Accused Jeffrey Epstein madam Ghislaine Maxwell on Friday shed her bid to publicly identify alleged victims in courtroom filings in the felony case from her.

A judge sided with prosecutors in the situation, who argued that witnesses could be subject to “harassment and intimidation” if they are named publicly in the case.

“Deciding to participate in or lead to a felony investigation or prosecution is a far different subject than basically creating a community assertion ‘relating to’ Ms. Maxwell or Jeffrey Epstein, notably given that these a statement may have transpired many years in the past and have no relevance to the fees in this circumstance,” Judge Alison Nathan wrote in the get denying Maxwell’s request.

“These individuals continue to preserve a sizeable privacy desire that must be safeguarded,” she added.

Maxwell’s attorneys experienced argued numerous alleged victims of Epstein had previously identified themselves in the press and experienced “benefitted” from that exposure.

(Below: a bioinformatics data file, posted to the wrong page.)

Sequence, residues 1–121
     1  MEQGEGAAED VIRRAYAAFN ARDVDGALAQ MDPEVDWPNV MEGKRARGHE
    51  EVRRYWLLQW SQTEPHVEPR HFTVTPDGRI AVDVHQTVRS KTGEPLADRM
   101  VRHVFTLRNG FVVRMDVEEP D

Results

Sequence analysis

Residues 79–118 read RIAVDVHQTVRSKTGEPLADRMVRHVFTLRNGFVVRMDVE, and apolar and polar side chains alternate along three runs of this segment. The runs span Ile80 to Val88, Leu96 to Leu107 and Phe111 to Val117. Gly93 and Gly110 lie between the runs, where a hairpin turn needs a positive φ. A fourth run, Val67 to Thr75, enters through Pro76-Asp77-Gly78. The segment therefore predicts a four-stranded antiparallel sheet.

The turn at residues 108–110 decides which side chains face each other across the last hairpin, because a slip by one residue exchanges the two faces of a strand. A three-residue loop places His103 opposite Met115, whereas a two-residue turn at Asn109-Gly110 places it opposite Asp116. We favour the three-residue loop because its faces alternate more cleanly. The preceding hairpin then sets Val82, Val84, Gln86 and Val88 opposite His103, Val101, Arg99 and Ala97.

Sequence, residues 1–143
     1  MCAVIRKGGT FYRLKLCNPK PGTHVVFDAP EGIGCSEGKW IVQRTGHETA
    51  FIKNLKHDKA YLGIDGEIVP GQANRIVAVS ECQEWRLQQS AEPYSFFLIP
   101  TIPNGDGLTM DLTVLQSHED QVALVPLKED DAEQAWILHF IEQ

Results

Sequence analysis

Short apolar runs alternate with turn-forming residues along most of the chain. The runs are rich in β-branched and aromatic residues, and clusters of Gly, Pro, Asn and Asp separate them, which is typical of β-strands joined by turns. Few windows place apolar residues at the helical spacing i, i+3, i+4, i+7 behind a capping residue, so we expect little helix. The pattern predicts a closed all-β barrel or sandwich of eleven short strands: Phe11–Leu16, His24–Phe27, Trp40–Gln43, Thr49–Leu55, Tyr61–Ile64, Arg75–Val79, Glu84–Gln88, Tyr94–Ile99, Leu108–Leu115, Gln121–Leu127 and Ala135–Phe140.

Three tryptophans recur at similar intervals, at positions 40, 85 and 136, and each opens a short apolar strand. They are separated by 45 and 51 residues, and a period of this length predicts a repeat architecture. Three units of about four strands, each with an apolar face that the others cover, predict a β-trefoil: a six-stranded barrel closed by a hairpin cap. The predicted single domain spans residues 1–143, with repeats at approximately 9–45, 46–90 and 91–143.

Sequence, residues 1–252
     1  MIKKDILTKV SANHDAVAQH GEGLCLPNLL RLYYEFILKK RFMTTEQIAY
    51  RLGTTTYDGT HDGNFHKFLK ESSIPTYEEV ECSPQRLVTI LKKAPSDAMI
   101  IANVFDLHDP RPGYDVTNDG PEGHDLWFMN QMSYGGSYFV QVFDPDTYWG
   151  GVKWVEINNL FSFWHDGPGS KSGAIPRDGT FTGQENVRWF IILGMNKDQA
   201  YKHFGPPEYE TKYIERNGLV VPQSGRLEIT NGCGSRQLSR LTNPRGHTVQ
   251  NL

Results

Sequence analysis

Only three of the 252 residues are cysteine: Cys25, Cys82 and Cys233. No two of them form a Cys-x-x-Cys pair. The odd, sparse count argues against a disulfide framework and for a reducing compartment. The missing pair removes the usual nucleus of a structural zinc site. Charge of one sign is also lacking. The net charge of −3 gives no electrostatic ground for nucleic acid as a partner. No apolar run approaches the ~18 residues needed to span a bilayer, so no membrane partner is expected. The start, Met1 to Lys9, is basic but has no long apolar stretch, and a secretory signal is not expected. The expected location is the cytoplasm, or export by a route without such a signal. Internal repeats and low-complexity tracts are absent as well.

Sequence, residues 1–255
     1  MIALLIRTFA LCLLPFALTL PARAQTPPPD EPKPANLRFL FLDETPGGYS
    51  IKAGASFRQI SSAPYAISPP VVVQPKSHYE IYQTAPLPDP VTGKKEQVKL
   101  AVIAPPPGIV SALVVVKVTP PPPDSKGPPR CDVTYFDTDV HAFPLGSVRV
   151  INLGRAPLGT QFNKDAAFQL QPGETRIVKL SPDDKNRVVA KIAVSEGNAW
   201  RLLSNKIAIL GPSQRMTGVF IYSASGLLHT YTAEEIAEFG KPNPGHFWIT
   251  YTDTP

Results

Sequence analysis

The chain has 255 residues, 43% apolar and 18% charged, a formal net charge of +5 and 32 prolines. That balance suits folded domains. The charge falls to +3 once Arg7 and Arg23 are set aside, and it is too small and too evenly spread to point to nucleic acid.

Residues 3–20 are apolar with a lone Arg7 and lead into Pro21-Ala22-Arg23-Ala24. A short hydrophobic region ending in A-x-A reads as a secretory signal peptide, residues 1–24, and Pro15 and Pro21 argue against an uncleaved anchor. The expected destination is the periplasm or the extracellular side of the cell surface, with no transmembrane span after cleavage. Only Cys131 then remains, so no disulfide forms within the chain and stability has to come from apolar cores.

In response, prosecutors explained it’s “offensive” to declare that speaking out as a sex-crime survivor could have a profit.

“Beyond the offensive idea that victims of sexual abuse encounter a ‘benefit’ by creating the unbelievably tricky determination to share their knowledge publicly, the recommendation that victims who get this meant ‘benefit’ ought to obtain less protections than the law ordinarily gives to victims in felony scenarios is alarming,” Assistant US Attorney Alex Rossmiller wrote.